See this link for the Federal Department of Labor’s (DOL’s) misleading, mistitled, proposal to greatly reduce the chance that employees can get overtime pay: Federal DOL’s “Proposal to Strengthen Overtime Protection” (the title is the DOL’s not mine – and it’s not an accurate description of what the proposal attempts to accomplish).

In a nutshell, here’s what the “Proposal to Strengthen Overtime Protection” really seems to be trying to accomplish, as you can read and interpret for yourself by clicking the above link:

Big Business wants the freedom to deny overtime pay to many millions of office workers, technicians, and low level lead-persons, and Big Business is willing to make very tiny improvements in the overtime protections that apply to very small businesses in order to create the illusion that this overtime proposal is a “strengthening of overtime protections”.

Maybe a few people will actually be helped by the overtime proposals, but this is simply the nature of politics: Give something unimportant to get something very important – Help a few people in order to deny overtime protection to many millions more.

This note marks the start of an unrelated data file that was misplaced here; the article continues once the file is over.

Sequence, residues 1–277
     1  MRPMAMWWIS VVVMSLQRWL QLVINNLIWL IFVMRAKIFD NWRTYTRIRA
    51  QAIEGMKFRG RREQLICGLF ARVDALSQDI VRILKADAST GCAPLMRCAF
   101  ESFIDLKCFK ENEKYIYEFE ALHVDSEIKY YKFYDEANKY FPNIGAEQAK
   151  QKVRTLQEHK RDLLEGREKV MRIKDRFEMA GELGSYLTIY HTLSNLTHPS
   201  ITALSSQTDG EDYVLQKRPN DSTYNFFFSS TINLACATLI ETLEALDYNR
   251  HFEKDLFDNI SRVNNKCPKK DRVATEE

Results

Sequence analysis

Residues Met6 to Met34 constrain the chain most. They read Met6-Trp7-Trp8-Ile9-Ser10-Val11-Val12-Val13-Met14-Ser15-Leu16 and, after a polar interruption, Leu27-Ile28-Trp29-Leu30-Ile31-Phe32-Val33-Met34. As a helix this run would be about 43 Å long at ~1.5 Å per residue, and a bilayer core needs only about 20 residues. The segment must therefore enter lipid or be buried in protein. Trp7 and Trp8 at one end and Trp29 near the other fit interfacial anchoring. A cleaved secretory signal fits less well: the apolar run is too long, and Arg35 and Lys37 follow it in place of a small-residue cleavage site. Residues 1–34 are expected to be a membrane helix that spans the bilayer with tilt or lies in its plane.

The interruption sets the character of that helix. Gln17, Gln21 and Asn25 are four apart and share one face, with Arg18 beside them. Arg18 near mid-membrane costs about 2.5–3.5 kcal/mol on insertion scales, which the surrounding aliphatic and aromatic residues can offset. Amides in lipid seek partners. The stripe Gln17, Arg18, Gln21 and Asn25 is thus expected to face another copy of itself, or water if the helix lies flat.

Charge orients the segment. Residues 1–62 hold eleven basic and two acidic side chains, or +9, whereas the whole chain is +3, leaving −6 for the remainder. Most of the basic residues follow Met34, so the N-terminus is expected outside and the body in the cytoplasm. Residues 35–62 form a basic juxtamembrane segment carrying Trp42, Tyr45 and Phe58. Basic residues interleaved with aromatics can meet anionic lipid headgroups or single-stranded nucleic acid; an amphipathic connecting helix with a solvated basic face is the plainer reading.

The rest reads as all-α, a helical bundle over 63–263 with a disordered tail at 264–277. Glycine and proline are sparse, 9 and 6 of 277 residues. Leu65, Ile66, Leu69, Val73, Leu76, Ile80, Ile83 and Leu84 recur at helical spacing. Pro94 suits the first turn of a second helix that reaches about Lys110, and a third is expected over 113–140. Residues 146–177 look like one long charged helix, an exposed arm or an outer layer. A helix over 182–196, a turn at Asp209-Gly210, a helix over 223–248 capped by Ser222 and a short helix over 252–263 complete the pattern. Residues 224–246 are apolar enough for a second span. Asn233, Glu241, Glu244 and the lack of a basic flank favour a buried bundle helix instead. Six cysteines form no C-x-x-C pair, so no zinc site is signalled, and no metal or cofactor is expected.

Here are a few specific bad effects that I predict will flow from the new Republican DOL’s “Proposal to Strengthen Overtime Protections”:

  • Exempting Community College Graduates from overtime pay by calling them “learned professionals” on a par with Doctors, Architects and Professors, and other occupations where advanced degrees are required and hence are likely exempt from overtime laws.
  • Exempting Technical School Graduates from overtime pay by calling them “learned professionals” on a par with Doctors, Architects and Professors, and other occupations where advanced degrees are required and hence are likely exempt from overtime laws.
  • Exempting Those with a lot of on the job training and experience from overtime pay by calling them “learned professionals” on a par with Doctors, Architects and Professors, and other occupations where advanced degrees are required and hence are likely exempt from overtime laws.